In 1989 Stephen was only 16 and was a Light Featherweight boxing champion for County Antrim and Ulster. He began boxing at 11 at ‘the Loop’ and showed remarkable promise before joining All Saints Boxing Club in Ballymena. He had been visiting a cousin in London for a holiday when he boarded the plane home. After taking off from Heathrow and climbing at 28,000 feet a blade suddenly detached from the left fan engine. The pilot did not know the source of the problem. He was notified to make an emergency landing at East Midlands and disengaged the autopilot. What followed was a series of events of trying to figure out where the problem was and combining this with the fact that the aircraft was relatively new resulted in the wrong engine being shut down. Finally the left engine burst into flames and the plane crashed into the M1 embankment where fortunately no vehicles were travelling at the time. 139 passengers died outright and another 8 died as a result of their injuries. All crew survived and 79 passengers survived; one of whom was Stephen McCoy.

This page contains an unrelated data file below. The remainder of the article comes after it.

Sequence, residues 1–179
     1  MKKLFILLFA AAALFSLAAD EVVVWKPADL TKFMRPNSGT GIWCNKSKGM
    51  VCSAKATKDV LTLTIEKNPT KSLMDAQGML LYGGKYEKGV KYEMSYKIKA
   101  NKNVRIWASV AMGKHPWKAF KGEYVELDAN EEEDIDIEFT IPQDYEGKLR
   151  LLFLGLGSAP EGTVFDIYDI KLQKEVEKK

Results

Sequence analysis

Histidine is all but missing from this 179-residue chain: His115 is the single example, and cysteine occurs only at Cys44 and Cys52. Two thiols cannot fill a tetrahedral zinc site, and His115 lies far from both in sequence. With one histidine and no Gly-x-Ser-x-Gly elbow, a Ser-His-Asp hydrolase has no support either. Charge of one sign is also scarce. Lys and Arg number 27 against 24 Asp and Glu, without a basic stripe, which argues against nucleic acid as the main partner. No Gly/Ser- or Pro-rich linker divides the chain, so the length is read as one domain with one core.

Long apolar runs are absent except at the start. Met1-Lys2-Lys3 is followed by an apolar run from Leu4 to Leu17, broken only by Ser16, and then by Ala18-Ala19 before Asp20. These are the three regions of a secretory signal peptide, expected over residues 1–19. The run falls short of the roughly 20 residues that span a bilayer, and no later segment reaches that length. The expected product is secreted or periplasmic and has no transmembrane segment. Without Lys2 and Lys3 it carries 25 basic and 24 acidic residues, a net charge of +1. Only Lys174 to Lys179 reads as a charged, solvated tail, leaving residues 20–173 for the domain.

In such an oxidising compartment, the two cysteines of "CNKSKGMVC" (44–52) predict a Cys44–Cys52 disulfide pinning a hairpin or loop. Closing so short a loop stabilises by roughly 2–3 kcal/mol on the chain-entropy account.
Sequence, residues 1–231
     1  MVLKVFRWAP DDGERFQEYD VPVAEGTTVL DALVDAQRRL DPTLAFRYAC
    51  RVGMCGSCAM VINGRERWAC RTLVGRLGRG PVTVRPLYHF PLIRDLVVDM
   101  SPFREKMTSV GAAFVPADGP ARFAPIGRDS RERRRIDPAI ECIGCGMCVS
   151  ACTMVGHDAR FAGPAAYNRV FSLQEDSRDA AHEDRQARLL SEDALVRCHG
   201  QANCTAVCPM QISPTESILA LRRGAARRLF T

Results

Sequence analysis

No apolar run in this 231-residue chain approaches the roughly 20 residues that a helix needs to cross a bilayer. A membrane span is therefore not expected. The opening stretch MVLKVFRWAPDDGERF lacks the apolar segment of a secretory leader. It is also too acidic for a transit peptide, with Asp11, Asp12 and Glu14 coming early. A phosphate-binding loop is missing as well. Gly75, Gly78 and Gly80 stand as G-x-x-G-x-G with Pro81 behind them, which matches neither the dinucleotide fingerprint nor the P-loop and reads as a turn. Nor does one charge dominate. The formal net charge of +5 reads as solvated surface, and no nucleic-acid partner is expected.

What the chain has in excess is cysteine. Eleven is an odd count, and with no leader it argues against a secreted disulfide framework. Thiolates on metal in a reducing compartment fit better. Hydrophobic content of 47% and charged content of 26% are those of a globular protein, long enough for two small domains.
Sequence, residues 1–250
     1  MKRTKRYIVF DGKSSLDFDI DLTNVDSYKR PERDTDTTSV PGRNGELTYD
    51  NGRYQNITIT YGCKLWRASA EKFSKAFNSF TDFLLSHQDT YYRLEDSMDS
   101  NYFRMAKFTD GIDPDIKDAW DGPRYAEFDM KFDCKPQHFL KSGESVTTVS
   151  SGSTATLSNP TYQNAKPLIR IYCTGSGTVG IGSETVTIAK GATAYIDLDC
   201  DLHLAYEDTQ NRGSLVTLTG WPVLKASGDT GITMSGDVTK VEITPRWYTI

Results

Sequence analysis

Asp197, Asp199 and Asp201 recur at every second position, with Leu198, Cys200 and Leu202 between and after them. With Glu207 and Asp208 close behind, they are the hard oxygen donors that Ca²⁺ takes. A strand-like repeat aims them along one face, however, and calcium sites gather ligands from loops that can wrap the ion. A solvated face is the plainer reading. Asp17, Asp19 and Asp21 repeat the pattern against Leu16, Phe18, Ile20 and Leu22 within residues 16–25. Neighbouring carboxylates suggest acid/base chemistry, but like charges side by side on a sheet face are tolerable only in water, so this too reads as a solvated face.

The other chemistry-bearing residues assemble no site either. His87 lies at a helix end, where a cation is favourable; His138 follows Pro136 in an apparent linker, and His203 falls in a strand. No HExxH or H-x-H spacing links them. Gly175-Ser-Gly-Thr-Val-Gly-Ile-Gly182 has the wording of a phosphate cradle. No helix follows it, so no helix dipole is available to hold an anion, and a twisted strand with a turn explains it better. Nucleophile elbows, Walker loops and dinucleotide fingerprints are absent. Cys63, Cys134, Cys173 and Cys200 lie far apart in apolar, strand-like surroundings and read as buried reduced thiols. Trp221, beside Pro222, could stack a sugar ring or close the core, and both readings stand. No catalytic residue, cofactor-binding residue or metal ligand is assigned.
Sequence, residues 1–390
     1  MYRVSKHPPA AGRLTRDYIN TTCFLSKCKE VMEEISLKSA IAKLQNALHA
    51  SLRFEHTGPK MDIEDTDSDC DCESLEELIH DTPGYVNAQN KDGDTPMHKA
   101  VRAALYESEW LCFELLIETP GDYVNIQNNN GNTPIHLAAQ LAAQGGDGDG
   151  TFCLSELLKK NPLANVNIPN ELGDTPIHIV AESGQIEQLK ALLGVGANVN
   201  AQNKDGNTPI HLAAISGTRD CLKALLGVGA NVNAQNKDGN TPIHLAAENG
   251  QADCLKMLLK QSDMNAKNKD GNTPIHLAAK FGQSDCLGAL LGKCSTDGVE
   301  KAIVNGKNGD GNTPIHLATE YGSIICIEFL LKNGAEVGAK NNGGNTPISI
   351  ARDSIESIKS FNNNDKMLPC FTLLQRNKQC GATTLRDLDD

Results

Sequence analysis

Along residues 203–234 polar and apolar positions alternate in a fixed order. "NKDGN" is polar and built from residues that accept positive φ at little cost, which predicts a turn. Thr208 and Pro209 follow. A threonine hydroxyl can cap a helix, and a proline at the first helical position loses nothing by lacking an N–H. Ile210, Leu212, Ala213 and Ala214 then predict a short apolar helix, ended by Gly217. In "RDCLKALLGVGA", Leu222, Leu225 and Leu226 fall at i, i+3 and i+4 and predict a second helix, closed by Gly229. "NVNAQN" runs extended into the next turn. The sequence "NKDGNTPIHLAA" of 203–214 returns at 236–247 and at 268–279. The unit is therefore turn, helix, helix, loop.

I asked Stephen if he wouldn’t mind discussing the disaster and the aftermath and he was happy to take part. When I arrive at their home Stephen and his sister Yvonne welcome me incredibly warmly. The house has been renovated to allow Stephen to have full access to it in his wheelchair. As Yvonne makes a pot of tea Stephen and I chat about various news stories and he makes quick fire jokes. While his sense of humour is infectious it’s tricky to tell if you’re being told a joke or on the receiving end of one. In his presence you immediately feel at ease and at home.
Suffering is painful. We talk about his recovery after the crash and both Stephen and Yvonne are incredibly open about his struggles. Once in hospital Stephen was in a coma for some six months. The extent of his injuries was so severe that his mother could only identify him by his teeth. Yvonne tells of how “they were about to switch off the life support machine, but before that Stephen’s boxing coach Ned flew over and had him blessed with the mitt of Padre Pio. They were going to switch off the life support but Stephen’s nurse saw his big toe move and they decided not to.” At this time I notice the picture of Saint Pio standing among family photos; a firm reminder of Stephen’s devotion to the great saint.